This blog post was provided by Alica Hall, Executive Director of Nia Centre For The Arts.
Help Nia Centre build a legacy for our country as they build Canada’s first professional Black arts centre.
Art has the power to transform communities and bring people together. At Nia Centre for the Arts, a Toronto-based charity dedicated to promoting art from across the African-diaspora, we recognize that Black creativity has powered social movements, disrupted the status quo and pushed our country forward.
From the Caribbean to the continent, our community comes from all corners of the world — bringing different experiences, traditions, and languages to the cultural fabric of Canada. Throughout history, Black Canadians have made our creative landscape more vibrant and dynamic. As we enter Black History Month, we celebrate the great legendary artists and leaders who have contributed to our nation’s cultural identity.
From grand events like Caribana and Afro-Fest, to legacy artists like Oscar Petersen and Drake—our homegrown talent and artistic traditions have brought our country to the global stage.
As we’ve learned to grapple with the changes and challenges of COVID-19, the value of art has never been clearer. Whether it’s music, literature, movies or performances—Black artists have helped us stay inspired, connected, and entertained throughout the course of the global pandemic.
In spite of these contributions, it’s been an uphill battle to get the support, funding, and recognition needed in order to foster the growth of artists in our community. At Nia Centre, we’ve been advocating for the preservation and promotion of Black art and culture through youth programs, professional development opportunities, events and exhibitions that deepen our collective understanding of the Black experience.
Our vision is to give Black artists a platform—no matter where they are in their careers—to share their gifts and talents with the entire community.
Our early programming focused on helping youth hone their artistic talents and create a sense of belonging. We’ve witnessed firsthand how the arts can support a healthy identity and positive development of Black youth.
The first time Ebti Nabag picked up a camera was at a Nia Centre photography workshop in 2010. After graduating from university, she took a year off to explore creative pathways and gain confidence in her skills. 10 years later, she’s now a portrait and documentary photographer travelling continents and showcasing her work at festivals. She also works as a mentor in our Creative Connect program, a year-round initiative that matches Black youth with career-level art professionals to support them on their creative journey.
Laying Bricks to Support the Next Generation of Black Artists
In all of our work, we seek to bridge the gap between artists and significant opportunities to create and showcase their work. After a decade of building the creative capacity of our community, we’re embarking on our largest project yet—building Canada’s first professional multi-disciplinary Black arts centre.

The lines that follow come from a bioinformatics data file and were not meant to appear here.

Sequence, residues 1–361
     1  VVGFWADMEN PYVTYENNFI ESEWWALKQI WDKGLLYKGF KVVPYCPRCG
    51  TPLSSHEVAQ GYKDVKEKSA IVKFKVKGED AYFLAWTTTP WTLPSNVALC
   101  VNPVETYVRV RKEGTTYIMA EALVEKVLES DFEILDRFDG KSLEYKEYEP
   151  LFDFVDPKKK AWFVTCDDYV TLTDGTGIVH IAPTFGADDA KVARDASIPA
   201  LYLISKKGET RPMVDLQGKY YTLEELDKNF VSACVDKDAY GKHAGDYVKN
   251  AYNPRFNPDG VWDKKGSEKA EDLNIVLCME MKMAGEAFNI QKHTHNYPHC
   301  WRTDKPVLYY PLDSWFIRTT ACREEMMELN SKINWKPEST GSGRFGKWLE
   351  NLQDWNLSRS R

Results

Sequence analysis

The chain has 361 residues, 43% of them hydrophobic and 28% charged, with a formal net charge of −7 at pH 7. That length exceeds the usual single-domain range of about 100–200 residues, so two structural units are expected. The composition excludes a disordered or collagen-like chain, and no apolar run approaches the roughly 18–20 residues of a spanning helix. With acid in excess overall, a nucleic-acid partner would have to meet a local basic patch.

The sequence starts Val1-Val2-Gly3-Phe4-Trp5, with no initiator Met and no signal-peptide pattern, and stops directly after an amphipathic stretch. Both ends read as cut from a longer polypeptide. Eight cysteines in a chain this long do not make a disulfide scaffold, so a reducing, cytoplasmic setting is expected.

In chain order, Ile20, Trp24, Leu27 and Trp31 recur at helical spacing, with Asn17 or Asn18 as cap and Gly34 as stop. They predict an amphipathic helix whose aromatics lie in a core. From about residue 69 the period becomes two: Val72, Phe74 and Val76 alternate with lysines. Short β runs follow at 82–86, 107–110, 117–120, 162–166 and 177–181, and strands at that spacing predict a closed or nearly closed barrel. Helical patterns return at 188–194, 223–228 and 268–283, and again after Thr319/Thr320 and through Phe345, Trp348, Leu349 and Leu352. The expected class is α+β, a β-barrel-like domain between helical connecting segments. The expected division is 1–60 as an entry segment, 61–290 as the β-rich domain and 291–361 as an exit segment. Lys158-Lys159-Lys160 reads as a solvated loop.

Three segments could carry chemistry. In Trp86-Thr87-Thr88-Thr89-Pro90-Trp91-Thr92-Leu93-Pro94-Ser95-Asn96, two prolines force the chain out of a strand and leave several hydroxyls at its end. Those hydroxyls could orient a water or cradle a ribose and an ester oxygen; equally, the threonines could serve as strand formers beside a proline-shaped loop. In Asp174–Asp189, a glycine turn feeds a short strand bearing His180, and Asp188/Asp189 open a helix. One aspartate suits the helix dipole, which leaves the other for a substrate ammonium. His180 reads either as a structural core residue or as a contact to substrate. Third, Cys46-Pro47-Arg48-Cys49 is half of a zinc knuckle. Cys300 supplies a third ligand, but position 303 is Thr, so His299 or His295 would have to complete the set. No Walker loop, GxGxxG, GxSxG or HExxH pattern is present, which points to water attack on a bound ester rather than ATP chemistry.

Once fully renovated, our building will have a performance theatre, gallery space, artist studios, digital media lab, a recording studio, a youth hub and more. But we need the help of our community to bring this beautiful vision to life. Right now, we’re in the midst of our largest fundraising campaign ever—with a goal of $1.5 million to complete renovations and purchase equipment.
Our home at 524 Oakwood Avenue was constructed in the early 1920s. In the past, it has been used as a banquet hall, bowling alley and a nightclub. Over the years, this building has played a critical role as a space to gather and access services. This is just one of the reasons we’re so excited to be renovating this particular space for the community—building on its significance in the city.
The Centre is located in the historically Black neighbourhood, affectionately known as Little Jamaica. This community has a rich history of Black entrepreneurship and creativity, while simultaneously, on the brink of disappearing in light of extreme economic challenges stemming from the construction of a new light rail project and further amplified by the pandemic. A recent report by Black Urbanism TO, found that between 2006 and 2016, the Black population in the neighbourhood declined 13%—a rate that is nearly 3 times higher than the rest of the community. We are proud to build on and support efforts to preserve this legacy.
Long-standing, systemic barriers have shaped how we value Black arts and culture in Canada. It’s limited the way our stories are shared, represented, and too often dismissed. The lack of Black representation in Canadian art has created a misrepresentation of our collective narrative.
Studies show that Black artists struggle to find space in major art galleries. Despite racialized people making up 28 percent of the population, an analysis of major public art galleries by Canadian Art found that only 11 percent of solo exhibitions centred on non-white artists.
Recognizing the historical barriers for Black artists to succeed and thrive in our country, makes our space more than a building—it’s a space with generational value and unlimited potential. With 16,000 sq. ft., our new space will become a destination for community members to gather, and enjoy art rooted in Black traditions for years to come.
The time to donate to Black art was yesterday, and the next best time is now. Be part of history and help us build a legacy for the community and generations to come. Support Nia Centre today!
Leave a Reply